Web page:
with the affidavits, if any.” Celotex Corp. v.
Catrett, 477 U.S. 317 (1986); Turner v.
Schering-Plough Corp., 901 F.2d 335, 340 (3d Cir. 1990).
In doing so, the court must view all the evidence and any
inferences drawn therefrom in the light most favorable to the
non-moving party. Andreoli v. Gates, 482 F.3d 641,
647 (3d Cir. 2007) (citing Farrell v. Planters Lifesavers
Co., 206 F.3d 271, 278 (3d Cir. 2000)). However, the
court's function at the summary judgment stage “is
not . . . to weigh the evidence and determine the truth of
the matter but to determine whether there is a genuine issue
for trial.” Anderson, 477 U.S. at 249. See
also Marino v. Indus. Crating Co., 358 F.3d
241, 247 (3d Cir. 2004) (noting that the court may neither
weigh the evidence nor make credibility determinations).
seeking to establish that a fact is or is not genuinely
disputed may not rely on unsubstantiated allegations; rather,
they must support such assertions by “citing to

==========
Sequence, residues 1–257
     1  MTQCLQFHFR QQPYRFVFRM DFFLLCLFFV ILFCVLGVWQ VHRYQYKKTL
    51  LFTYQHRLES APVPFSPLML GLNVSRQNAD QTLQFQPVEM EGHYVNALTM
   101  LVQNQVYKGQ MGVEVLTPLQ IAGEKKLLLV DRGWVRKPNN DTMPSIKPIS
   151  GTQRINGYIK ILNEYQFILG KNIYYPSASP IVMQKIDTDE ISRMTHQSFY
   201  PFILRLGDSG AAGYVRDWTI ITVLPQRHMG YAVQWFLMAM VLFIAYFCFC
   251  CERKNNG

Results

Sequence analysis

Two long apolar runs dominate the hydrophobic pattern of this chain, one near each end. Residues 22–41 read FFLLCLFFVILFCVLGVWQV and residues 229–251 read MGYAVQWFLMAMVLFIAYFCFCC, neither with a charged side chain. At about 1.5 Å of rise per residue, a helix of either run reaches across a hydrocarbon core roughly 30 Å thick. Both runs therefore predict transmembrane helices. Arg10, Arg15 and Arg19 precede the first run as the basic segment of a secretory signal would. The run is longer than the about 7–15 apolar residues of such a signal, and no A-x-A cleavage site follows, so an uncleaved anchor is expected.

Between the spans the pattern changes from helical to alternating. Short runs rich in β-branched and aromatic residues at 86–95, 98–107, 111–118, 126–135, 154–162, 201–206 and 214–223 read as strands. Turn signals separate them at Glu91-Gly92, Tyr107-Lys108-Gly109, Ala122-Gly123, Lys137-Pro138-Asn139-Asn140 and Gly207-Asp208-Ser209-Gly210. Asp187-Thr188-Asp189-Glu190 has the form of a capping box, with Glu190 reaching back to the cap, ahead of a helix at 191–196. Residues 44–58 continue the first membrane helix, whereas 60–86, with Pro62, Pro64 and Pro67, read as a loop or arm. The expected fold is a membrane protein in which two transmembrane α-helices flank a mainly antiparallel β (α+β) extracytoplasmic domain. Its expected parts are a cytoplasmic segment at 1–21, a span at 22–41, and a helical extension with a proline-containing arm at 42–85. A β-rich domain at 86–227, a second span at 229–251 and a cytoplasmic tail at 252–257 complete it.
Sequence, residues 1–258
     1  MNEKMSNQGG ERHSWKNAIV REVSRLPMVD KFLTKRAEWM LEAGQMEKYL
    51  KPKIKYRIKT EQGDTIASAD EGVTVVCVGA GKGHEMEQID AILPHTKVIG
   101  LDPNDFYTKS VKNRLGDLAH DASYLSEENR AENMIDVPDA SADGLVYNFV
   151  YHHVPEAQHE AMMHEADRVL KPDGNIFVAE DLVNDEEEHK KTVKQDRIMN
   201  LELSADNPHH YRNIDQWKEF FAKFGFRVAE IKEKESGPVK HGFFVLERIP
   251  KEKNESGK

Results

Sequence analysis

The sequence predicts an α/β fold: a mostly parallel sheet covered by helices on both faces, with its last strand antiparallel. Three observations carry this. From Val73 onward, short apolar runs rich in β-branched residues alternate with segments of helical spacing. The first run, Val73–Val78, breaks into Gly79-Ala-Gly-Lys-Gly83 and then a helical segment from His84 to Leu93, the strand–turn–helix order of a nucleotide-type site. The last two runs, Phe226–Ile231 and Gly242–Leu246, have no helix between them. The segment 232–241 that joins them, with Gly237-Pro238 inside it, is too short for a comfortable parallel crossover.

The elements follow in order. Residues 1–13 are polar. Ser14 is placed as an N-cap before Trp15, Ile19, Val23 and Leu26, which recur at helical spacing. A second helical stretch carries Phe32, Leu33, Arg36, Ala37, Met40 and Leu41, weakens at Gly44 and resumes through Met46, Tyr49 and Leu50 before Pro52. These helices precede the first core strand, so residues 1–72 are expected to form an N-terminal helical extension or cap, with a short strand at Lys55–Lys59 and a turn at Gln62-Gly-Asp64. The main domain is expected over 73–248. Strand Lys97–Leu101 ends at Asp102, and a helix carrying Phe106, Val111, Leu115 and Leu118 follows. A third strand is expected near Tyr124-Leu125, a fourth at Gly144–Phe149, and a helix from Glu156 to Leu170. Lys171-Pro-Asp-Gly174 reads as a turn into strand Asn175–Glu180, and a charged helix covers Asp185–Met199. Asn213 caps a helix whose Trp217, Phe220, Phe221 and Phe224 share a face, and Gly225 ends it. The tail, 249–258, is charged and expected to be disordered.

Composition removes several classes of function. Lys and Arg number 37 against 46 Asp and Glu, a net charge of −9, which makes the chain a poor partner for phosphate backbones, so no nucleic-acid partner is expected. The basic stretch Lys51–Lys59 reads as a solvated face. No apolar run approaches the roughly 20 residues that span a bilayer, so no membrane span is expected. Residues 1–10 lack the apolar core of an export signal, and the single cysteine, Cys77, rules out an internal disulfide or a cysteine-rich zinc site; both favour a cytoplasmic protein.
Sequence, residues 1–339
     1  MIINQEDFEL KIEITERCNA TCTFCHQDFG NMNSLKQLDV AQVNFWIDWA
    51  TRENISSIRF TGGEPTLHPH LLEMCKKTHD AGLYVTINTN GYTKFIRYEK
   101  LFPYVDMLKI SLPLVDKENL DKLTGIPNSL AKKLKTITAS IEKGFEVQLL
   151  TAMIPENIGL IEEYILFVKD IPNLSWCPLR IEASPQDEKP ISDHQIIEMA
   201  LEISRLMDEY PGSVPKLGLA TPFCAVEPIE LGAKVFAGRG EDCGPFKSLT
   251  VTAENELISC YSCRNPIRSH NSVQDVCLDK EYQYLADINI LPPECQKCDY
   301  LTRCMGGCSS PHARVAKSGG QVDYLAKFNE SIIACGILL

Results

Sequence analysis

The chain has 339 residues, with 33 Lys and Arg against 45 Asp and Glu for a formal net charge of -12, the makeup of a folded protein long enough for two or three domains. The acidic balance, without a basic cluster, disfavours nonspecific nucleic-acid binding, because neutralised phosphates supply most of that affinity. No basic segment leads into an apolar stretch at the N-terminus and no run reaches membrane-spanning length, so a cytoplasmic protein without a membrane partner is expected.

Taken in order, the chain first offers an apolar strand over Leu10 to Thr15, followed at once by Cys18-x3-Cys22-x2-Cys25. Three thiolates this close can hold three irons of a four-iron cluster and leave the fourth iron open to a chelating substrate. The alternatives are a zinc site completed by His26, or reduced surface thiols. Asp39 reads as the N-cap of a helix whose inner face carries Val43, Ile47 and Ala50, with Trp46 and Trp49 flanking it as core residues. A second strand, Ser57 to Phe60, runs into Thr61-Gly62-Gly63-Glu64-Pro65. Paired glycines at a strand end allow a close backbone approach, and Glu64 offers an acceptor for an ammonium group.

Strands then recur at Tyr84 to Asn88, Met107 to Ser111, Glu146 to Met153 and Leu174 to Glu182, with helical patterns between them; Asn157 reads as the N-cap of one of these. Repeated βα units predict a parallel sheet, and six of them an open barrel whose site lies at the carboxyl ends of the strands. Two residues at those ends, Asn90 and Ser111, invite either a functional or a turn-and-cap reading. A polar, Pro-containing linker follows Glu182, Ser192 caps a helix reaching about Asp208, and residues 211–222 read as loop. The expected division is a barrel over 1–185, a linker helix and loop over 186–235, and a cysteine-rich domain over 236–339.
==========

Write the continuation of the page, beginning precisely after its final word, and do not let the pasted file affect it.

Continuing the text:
particular parts of materials in the record” to
demonstrate that the adverse party's factual assertion
either lacks support from cited materials or is unsupported
by admissible evidence. Fed.R.Civ.P. 56(c)(1). See
also Celotex Corp., 477 U.S. at 324 (requiring
evidentiary support for factual assertions made during
summary judgment). A party's failure to properly support
or contest an assertion of fact may result in that fact being
considered undisputed for purposes of the summary judgment
motion, although the court may also grant parties an
opportunity to properly provide support for an asserted fact.
prevail on a motion for summary judgment, the moving party
must affirmatively identify those portions of the record that
demonstrate the absence of a genuine dispute of material
fact. Celotex Corp., 477 U.S. at 323-24. The moving
party can satisfy this burden by showing that “on all
the essential elements of its case on which it bears the
burden of proof at trial, no reasonable jury could find for
the non-moving party.” In re Bressman, 327
F.3d 229, 238 (3d Cir. 2003). See also Id.
moving party meets this initial burden, the non-moving party
“must do more than simply show that there is some
metaphysical doubt as to material facts” to avoid
summary judgment. Boyle v. County of Allegheny, 139
F.3d 386, 393 (3d Cir. 1998) (quoting Matsushita Elec.
Indus. Co. v. Zenith Radio, 475 U.S. 574, 586 (1986)).
Rather, the non-moving party must provide “sufficient